Loop through Phoebe,
Malberg and Louse Creek
- Skill Level
- Entry Point
- Portage Rods
- Longest Portage
A significant part of this journey is through remote interior lakes that get very few visitors, so expect some of the finest solitude available near Sawbill Lake. Because it involves a number of very challenging portages, this route is best covered by fit, experienced canoeists who want to visit a number of lakes.
Detailed Route Info
Paddle from the Sawbill landing to central Alton Lake via a 29-rod portage. Alton is a justifiably popular lake and makes a fine place to spend an evening or two.
From Alton Lake, take a 147-rod portage to Beth Lake and a 280-rod portage to Grace Lake, which is a great place to camp and fish for a night, a weekend, or longer. From here you will head down the Phoebe River and take four short portages to Phoebe Lake. As you reach the Phoebe landing a small waterfall cascades through the woods on your left. A trail leads back to the falls, and is a great place to refresh yourself and soothe any mosquito bites you may have picked up along the way.
To leave Phoebe, paddle through the channel on the north shore and enter Knight Lake and paddle up the peaceful Phoebe River until you see a portage on your left side. Stretches of the river are quite shallow, so keep alert for rocks. The 144-rod trail over to Hazel Lake is fairly level, and a nice, small lake awaits you at the end.
Now you will travel by way of the Phoebe River to Lake Polly, which involves five portages. Beautiful Lake Polly is another wonderful lake on this great route. Dozens of islands dot its surface, and thousands of walleye and pike swim below.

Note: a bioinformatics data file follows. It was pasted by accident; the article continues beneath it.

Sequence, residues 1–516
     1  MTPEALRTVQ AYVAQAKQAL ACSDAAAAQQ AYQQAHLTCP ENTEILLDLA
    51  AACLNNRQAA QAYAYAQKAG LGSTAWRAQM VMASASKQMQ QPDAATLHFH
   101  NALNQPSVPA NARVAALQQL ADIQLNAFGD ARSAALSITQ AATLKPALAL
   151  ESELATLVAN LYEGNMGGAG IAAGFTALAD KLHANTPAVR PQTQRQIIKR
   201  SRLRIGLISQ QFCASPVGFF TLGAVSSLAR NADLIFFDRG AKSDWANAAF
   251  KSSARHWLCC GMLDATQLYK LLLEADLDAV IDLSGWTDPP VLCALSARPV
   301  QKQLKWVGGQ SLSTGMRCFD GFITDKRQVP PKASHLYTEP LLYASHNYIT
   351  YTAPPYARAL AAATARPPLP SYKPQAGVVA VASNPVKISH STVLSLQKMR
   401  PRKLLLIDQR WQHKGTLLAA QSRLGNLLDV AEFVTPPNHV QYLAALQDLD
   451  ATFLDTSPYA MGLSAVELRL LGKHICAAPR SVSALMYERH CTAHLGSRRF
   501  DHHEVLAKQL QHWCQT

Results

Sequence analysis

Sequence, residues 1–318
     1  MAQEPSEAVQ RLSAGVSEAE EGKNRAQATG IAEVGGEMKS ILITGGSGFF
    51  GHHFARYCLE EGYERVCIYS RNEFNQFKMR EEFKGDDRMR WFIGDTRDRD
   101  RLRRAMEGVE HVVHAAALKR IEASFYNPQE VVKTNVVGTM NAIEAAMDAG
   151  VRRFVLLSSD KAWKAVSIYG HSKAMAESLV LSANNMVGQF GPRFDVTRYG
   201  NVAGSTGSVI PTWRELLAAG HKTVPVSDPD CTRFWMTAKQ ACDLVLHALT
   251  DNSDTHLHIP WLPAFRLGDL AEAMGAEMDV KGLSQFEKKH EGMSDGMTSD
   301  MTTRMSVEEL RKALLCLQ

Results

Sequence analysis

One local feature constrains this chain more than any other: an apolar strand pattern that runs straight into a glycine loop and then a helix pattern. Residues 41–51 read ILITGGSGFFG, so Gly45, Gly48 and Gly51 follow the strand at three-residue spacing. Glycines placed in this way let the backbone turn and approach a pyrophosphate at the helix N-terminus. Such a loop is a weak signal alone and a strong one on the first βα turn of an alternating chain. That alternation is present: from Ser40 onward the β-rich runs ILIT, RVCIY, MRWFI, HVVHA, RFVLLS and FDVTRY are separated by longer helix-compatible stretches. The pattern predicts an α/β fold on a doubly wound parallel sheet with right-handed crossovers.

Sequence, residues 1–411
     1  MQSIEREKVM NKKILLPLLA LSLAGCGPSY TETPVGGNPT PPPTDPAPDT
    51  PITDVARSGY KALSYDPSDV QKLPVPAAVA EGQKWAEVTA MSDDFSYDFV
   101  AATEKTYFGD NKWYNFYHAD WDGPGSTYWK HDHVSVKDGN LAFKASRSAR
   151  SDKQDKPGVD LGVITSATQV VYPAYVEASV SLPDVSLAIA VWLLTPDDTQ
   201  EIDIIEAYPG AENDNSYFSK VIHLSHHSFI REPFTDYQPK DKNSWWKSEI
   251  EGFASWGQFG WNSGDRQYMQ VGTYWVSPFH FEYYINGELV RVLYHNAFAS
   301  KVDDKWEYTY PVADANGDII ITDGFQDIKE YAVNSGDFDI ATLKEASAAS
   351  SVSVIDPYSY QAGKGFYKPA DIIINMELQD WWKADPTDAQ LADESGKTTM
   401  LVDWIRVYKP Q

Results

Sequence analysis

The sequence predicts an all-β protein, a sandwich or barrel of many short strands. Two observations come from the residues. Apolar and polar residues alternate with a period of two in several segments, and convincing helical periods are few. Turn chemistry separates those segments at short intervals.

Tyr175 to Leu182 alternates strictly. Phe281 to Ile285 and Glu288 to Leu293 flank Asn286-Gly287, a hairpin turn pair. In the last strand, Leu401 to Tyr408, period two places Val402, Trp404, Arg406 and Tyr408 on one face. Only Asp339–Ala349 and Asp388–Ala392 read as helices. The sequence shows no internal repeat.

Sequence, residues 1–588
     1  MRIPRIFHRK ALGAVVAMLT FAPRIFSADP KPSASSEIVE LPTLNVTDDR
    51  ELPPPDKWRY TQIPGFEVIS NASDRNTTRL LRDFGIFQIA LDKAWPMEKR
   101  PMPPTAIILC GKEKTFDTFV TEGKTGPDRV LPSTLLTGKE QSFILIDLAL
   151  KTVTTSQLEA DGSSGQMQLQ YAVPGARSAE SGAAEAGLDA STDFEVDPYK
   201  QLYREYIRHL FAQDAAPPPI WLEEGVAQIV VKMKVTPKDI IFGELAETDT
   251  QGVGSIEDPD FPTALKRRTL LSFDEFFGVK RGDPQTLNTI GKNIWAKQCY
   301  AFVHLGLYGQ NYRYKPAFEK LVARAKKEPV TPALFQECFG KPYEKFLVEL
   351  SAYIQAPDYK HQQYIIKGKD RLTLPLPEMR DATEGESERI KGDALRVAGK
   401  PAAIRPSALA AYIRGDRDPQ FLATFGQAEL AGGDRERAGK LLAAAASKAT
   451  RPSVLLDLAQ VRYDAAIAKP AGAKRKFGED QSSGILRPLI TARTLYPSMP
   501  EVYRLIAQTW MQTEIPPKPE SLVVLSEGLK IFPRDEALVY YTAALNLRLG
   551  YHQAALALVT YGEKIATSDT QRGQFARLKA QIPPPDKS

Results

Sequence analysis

Paddle and portage a pleasant stretch of river from Lake Polly into Koma Lake, and to Malberg Lake. You will now be in the fantastic interior of the Boundary Waters. If you’ve packed light and well, this stretch will be really quite interesting as you enjoy the rhythm of alternating short stretches of paddling and portaging.
From Malberg Lake to Trail Lake, includes 9 relatively short portages along the Louse River gets relatively few visitors, and has prime habitat for moose and many other north woods animals.
The journey from Trail Lake to Wine Lake includes more than a half dozen portages, several of which are over 100 rods. Along this section, Mug Lake is especially noteworthy, a jewel in the rough. The shore on most sides are covered by exposed rock sloping up approximately 20 feet. In the southwest corner, a small waterfall cascades 20 feet down an exposed rock face into a little pool. Mug, along with Wine Lake and its neighbors, are probably among the least visited lakes in the eastern BWCAW, making for some of the most remote country in an already remote wilderness.
You will now head south to reconnect to Sawbill Lake. The big challenge here is the 460-rod portage between Zenith Lake and Lujinida Lake. From here, you head south into the Kelso River and on to Kelso Lake. Head to west at the fork on the southern end of Kelso and take an easy 3-rod portage back to Sawbill Lake. You deserve a burger!
*Route information provided courtesy of Dan Pauly, and have been modified from his book, Exploring the Boundary Waters: A Trip Planner and Guide to the BWCAW. University of Minnesota Press, 2004
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